HKUST IEMS Thought Leadership Brief No. 2
People can help protect the environment and reduce energy usage by adopting a green lifestyle. For instance, if U.S. consumers used 10% fewer plastic shopping bags, they could save 10 billion plastic bags, equivalent to saving the amount of petroleum that could drive a fleet of nearly 3000 cars around the earth (Wall Street Journal 2008). If Chinese consumers stopped using disposable chopsticks for just one day, about 56,000 trees could be spared, equivalent to a stand that would cover 100 American football fields (Los Angeles Times 2010). If 5% of New Yorkers decided to commute by bicycle instead of by car, they would reduce carbon dioxide emissions by about 150 million pounds each year (Transportation Alternatives 2008).
A green lifestyle is an acquired pattern of behavior that attempts to reduce negative environmental consequences. In this Brief, we report on recent research on a specific green lifestyle: carrying one’s own shopping bags instead of buying plastic bags. To encourage consumers to use fewer plastic shopping bags, firms, media, and governments leverage various marketing and economic tools such as free gifts of green bags, green publicity, and imposing a plastic bag fee. For example, many stores occasionally give away free green bags and offer rebates for shoppers who bring their own bags. The plastic bag fee has become legally mandatory in many countries such as China, India, Mexico, etc (see Appendix). While efforts to reduce the use of plastic are on the rise, the effectiveness of these efforts is not clear. In fact, recent years have witnessed heated debates on the effectiveness of bag fees and other marketing tools. For example, a major concern is that plastic bag fees might not be effective in reducing plastic bag use, but just impose additional financial burdens on consumers (Washington Post 2013). While adopting a green lifestyle continues to gain favor around the world, researchers and practitioners have only a limited understanding about how people adopt such a lifestyle.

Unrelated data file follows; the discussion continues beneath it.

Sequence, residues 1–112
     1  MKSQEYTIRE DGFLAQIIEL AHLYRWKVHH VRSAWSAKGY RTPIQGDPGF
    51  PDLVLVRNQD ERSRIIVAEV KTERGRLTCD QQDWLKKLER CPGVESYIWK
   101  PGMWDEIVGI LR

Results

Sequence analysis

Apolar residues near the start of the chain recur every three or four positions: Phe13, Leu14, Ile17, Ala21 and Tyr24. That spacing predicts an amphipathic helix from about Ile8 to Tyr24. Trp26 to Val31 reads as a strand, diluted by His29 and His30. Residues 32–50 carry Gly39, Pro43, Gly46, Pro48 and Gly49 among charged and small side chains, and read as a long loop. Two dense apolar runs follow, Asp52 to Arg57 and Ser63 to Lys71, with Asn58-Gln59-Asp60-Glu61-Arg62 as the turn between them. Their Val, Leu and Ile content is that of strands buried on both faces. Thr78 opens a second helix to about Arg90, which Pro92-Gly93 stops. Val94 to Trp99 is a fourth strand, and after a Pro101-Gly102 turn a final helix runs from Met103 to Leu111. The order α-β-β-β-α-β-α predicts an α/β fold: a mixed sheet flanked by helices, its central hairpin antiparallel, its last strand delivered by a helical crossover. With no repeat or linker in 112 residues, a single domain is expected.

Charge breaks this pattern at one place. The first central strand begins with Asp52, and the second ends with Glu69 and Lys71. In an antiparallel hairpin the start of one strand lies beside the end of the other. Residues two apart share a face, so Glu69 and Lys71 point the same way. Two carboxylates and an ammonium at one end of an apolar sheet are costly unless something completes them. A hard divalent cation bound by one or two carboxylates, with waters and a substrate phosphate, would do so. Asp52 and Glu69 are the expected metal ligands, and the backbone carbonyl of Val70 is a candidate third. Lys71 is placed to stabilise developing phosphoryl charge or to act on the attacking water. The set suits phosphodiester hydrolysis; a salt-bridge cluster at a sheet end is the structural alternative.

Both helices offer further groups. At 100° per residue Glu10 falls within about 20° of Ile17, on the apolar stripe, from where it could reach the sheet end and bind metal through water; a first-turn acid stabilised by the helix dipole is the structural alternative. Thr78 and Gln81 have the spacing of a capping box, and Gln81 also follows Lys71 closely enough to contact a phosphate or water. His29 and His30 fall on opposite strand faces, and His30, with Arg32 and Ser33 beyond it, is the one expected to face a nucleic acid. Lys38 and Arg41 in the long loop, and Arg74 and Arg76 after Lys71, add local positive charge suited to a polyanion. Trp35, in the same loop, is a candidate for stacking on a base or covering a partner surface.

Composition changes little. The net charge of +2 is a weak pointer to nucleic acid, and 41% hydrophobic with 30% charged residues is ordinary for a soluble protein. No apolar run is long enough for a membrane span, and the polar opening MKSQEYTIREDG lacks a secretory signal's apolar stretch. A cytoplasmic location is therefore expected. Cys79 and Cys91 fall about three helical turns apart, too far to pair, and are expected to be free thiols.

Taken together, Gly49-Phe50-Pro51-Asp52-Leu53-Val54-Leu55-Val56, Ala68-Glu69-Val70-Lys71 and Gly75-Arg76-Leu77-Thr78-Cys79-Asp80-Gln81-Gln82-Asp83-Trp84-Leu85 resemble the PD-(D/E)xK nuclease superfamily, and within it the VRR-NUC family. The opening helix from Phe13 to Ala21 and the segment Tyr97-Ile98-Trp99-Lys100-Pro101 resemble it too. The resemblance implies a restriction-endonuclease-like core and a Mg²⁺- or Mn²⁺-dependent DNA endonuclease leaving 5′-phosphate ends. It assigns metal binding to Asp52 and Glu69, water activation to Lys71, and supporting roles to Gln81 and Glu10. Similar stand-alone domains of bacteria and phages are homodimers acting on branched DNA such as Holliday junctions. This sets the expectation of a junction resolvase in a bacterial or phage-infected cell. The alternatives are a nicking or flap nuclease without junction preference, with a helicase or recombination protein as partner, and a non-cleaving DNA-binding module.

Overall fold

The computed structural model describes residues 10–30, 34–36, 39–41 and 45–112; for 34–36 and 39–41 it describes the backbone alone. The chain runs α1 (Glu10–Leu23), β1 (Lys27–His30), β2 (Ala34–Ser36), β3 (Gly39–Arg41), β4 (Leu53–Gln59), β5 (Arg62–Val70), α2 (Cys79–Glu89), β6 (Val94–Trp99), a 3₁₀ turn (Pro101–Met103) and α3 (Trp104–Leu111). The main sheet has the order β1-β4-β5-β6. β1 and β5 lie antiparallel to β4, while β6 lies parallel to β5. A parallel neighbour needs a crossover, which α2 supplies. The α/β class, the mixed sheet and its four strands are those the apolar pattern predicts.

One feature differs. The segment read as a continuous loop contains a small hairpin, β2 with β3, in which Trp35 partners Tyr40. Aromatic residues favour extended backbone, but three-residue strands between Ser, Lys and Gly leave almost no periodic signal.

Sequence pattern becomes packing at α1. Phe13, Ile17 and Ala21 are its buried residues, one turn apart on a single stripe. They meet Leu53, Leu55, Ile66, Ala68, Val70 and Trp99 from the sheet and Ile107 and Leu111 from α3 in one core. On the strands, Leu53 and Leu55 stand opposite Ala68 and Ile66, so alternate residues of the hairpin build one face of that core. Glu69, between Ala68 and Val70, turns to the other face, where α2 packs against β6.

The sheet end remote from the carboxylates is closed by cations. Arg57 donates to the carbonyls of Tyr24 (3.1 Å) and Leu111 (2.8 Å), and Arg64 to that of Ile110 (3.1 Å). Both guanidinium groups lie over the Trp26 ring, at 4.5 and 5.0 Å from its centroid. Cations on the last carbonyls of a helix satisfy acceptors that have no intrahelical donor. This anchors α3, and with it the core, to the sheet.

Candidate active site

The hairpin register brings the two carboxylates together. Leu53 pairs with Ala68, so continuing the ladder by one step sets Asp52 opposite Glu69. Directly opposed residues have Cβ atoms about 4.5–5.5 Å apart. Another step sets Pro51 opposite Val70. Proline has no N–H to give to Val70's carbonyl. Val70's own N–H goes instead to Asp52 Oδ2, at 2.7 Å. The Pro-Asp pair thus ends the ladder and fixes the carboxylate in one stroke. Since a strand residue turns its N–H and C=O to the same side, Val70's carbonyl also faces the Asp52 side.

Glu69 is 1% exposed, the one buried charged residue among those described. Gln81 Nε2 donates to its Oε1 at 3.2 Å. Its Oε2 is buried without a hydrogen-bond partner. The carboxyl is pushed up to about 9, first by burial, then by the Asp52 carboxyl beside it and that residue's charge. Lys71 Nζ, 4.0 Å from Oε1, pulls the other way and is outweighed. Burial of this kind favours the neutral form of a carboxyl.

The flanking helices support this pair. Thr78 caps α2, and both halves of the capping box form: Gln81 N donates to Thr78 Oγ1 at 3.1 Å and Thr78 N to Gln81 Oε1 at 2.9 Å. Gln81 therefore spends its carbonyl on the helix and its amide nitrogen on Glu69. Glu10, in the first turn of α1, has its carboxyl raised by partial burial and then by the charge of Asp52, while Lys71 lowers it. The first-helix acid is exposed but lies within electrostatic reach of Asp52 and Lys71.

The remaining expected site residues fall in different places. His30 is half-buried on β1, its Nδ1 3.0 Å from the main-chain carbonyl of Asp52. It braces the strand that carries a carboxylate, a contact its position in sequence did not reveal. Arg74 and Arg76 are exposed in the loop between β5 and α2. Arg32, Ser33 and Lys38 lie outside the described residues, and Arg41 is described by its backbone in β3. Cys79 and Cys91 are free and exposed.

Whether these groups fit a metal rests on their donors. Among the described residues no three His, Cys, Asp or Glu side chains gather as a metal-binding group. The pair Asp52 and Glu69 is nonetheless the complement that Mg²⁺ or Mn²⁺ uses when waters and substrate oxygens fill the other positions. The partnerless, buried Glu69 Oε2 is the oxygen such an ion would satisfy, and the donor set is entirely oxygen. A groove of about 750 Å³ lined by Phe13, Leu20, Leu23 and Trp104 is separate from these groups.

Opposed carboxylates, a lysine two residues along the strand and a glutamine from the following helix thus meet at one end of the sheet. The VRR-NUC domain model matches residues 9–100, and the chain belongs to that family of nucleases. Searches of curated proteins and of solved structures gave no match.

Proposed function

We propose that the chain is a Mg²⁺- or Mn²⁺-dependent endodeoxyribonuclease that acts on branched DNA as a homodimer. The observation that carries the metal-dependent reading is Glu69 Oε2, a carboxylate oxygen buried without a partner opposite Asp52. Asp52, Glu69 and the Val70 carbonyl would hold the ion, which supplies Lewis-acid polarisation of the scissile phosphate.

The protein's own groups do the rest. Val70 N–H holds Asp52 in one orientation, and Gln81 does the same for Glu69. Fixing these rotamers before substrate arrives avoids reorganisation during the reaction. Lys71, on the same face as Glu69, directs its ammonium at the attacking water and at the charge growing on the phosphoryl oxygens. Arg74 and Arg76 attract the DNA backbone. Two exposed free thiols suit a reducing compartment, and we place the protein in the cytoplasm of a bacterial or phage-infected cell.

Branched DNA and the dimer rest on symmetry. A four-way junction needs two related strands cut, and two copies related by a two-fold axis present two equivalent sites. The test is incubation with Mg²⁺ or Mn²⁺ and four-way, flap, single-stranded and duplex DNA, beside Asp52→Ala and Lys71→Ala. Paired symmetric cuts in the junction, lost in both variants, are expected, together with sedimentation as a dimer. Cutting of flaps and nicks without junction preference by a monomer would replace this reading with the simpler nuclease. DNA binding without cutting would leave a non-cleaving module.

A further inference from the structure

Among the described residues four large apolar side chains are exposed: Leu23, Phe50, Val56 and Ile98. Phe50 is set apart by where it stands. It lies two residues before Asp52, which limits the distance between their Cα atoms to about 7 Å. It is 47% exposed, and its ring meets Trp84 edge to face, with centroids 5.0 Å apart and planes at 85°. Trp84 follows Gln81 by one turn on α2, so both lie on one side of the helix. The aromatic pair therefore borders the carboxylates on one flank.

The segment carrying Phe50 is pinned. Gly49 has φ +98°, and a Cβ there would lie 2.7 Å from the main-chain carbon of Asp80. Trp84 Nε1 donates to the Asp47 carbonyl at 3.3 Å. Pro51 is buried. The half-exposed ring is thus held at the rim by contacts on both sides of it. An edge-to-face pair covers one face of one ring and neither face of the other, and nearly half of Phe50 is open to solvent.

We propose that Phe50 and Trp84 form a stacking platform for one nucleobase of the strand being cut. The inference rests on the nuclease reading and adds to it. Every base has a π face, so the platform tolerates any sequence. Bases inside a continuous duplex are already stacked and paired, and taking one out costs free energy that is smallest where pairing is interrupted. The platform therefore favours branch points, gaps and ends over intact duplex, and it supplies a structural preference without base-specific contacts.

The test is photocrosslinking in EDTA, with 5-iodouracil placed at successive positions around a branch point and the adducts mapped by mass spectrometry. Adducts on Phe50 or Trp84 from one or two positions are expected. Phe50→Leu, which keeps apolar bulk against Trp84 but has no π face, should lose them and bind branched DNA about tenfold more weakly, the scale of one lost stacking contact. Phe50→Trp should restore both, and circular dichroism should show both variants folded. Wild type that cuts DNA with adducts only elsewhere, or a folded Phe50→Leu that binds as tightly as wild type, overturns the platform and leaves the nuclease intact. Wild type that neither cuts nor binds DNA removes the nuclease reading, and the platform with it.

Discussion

This paper examines how people become green by studying a policy change in China which obligated consumers to purchase plastic bags rather than receive them for free. Specifically, we study how shoppers decide to forgo plastic bags with a forward-looking view, but frequently may forget to carry their own bags and thus still have to purchase plastic bags.
On June 1, 2008, China instituted a nationwide regulation prohibiting the distribution of free plastic shopping bags. Instead, consumers had to pay a small fee at checkout (New York Times 2008). The policy was intended to change the shopping style of consumers who had long been accustomed to receiving free plastic bags. We use data from several sources: 1) a dataset of individual level bag purchases at a large supermarket, from eight months before the implementation of the plastic regulation to fourteen months after it went into effect; 2) a combination of in-store observation and survey data; and 3) a time series dataset of publicity including a total of 475 news articles from local press, television and radio broadcasts, and the Internet. Before the regulation, the plastic bag was free. After the regulation took effect, the price (i.e., the fee) of the plastic bag was initially 0.20 RMB, but eventually increased to 0.30 RMB and later to 0.40 RMB during the data period. We examine the impact of plastic bag fee and various marketing tools on the reduction in the use of plastic. The highlights of the research findings are as follows:
A plastic bag fee sharply reduces plastic consumption. As shown in Figure 1, plastic consumption gradually decreased over time following the regulation. Within six months of implementation, plastic bag consumption was reduced by approximately 47%. Table 1 shows that the observed rate of carrying one’s own bag (vs. consuming new plastic bags) increases as the plastic fee increases. Our analyses further show that a 0.40 RMB fee on plastic bags reduces plastic bag use by about 21% more than a 0.20 RMB fee over a period of 60 weeks. More importantly, after shoppers establish the green habit, they tend to maintain it even when the fee is no longer in effect. Our simulation analyses show that under a 0.20 RMB fee, the rate of carrying one’s own bags goes from about 24% to 64% in the first 60 weeks, and when the fee is no longer imposed, this rate decreases only by about 9% in the following 60 weeks.